By Alex Bellos

From triangles, rotations and gear legislation, to fractals, cones and curves, top promoting writer Alex Bellos takes you on a trip of mathematical discovery along with his signature wit, attractive tales and unlimited enthusiasm. As he narrates a chain of eye-opening encounters with vigorous personalities around the world, Alex demonstrates how numbers have emerge as our associates, are attention-grabbing and intensely obtainable, and the way they've got replaced our world.

He turns even the feared calculus into an easy-to-grasp mathematical exposition, and sifts via over 30,000 survey submissions to bare the world's favorite quantity. In Germany, he meets the engineer who designed the 1st roller-coaster loop, when in India he joins the world's hugely numerate group on the overseas Congress of Mathematicians. He explores the wonders in the back of the sport of existence application, and explains mathematical good judgment, development and damaging numbers. Stateside, he hangs out with a personal detective in Oregon and meets the mathematician who appears for universes from his storage in Illinois.

Read this appealing booklet, and also you won't have an understanding of that you're studying approximately complicated ideas. Alex gets you addicted to maths as he delves deep into humankind's turbulent courting with numbers, and proves simply how a lot enjoyable we will be able to have with them.

**Read Online or Download Alex Through the Looking-Glass: How Life Reflects Numbers and Numbers Reflect Life PDF**

**Similar mathematics books**

**Einstein Manifolds: reprint of the 1987 edition, with 22 figures**

Einstein's equations stem from basic Relativity. within the context of Riemannian manifolds, an autonomous mathematical thought has constructed round them. lately, it has produced a number of impressive effects, which were of significant curiosity additionally to physicists. This Ergebnisse quantity is the 1st booklet which offers an up to date evaluate of the cutting-edge during this box.

Originating with Andreas Floer within the Eighties, Floer homology offers an invariant of three-d manifolds and 4-dimensional cobordisms among them. It has proved to be a good instrument in tackling many very important difficulties in 3- and 4-dimensional geometry and topology. This e-book offers a finished therapy of Floer homology, in keeping with the Seiberg-Witten equations.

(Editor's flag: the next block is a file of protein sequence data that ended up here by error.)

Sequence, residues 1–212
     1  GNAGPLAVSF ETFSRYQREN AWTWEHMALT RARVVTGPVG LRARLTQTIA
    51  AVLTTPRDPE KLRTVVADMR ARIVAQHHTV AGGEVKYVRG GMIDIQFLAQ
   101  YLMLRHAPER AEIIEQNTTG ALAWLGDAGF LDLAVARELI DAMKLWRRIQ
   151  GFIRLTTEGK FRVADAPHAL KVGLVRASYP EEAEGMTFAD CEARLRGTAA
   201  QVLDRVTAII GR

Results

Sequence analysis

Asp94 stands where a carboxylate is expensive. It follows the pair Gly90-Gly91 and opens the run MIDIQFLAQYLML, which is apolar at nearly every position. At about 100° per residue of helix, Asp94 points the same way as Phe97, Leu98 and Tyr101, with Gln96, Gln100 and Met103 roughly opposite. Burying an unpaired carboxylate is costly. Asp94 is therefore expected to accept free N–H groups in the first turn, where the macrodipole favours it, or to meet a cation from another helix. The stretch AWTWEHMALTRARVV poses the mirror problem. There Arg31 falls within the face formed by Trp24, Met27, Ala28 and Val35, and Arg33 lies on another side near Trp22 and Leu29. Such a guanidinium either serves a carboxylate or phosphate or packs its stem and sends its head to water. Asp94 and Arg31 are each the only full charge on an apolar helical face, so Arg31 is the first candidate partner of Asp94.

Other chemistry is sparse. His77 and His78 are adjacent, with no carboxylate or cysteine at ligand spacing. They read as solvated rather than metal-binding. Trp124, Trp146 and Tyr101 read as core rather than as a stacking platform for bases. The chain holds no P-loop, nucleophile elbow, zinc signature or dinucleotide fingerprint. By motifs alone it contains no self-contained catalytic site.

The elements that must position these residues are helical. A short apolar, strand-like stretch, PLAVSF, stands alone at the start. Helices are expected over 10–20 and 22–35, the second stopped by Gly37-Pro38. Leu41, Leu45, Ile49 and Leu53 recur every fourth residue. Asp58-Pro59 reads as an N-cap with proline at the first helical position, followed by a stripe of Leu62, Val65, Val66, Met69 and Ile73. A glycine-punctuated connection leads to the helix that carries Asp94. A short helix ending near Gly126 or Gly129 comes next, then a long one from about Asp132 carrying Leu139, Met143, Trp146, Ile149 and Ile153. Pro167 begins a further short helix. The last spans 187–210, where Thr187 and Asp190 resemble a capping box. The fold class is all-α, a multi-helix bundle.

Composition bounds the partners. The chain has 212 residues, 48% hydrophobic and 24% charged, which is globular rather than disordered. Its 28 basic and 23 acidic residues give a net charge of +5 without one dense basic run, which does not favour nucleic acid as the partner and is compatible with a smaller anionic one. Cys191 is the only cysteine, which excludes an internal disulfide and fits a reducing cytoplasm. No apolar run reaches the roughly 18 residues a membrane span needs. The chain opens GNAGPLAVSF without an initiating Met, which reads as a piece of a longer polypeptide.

- Semi-covariants of a General System of Linear Homogeneous Differential Equations
- Computational Methods of Linear Algebra (2nd Edition) (Pure and Applied Mathematics: A Wiley Series of Texts, Monographs and Tracts)
- Families of Meromorphic Functions on Compact Riemann Surfaces, 1st Edition
- Pronunciation of mathematical expressions in English
- Solvability and properties of solutions of nonlinear elliptic equations
- Quantum Theory for Mathematicians (Graduate Texts in Mathematics, Volume 267)

**Extra info for Alex Through the Looking-Glass: How Life Reflects Numbers and Numbers Reflect Life**

**Sample text**

2i) i=0 (k−1)/2 i=0 if k is even, t2i+1 (s) f (x), (2i + 1)! 6) if k is odd. P. derivate of f at x of order k + 2 is deﬁned by (s) f (1) (x) = lim sup t→0 (s) f (k+2) (x) = lim sup t→0 1 (f ; x, t). k+2 (f ; x, t), k ≥ 0. P. derivate of f at x of order k + 2, f (s) (x). P. derivative f(k+2) (x), possibly inﬁnite (s) in this case. Note that if f(k+2) (x) is ﬁnite, then this deﬁnition agrees with the one given above; this we now show. 5) f (x + t) + (−1)k f (x − t) 1 2 tk+2 ̟k+2 (f ; x, t) + P (t) (k + 2)!

Tk G(t) = . k! Then since F (0) = F ′ (0) = · · · = F (k−2) (0) = 0 and G(0) = G′ (0) = · · · = G(k−2) (0) = 0 for any t > 0, there is, by the mean value theorem, an ξ such that 0 < ξ < t and F (k−1) (ξ) F (t) = (k−1) . 4) G(t) G (ξ) To see this, for x in some neighbourhood of 0 write k−2 Φ(x) = F (x) + i=1 (t − x)i (i) F (t) G(x) + F (x) − i! G(t) k−2 i=1 (t − x)i (i) G (x) . i! Observe that Φ(0) = Φ(t) = 0 and Φ′ (x) = F (t) (t − x)k−2 (k−1) (t − x)k−2 (k−1) F (x) − G (x); (k − 2)! G(t) (k − 2)!

Let n be a ﬁxed positive even integer, n = 2k say, and consider 0 < h1 < h2 < · · · < hk . 1), then this limit is called the symmetric Riemann∗ derivative of f at x of order n, n = 2k. If n is a positive odd integer, n = 2k − 1 say, consider 0 < h1 < h2 < · · · < hk . 2) hk →0 h1 →0 exists, the last limit being ﬁnite or inﬁnite, while the inner limits are ﬁnite, then this limit is called the symmetric Riemann∗ derivative of f at x of order n, n = 2k − 1. The symmetric Riemann∗ derivative of f at x of order n is ∗(s) written f(n) (x).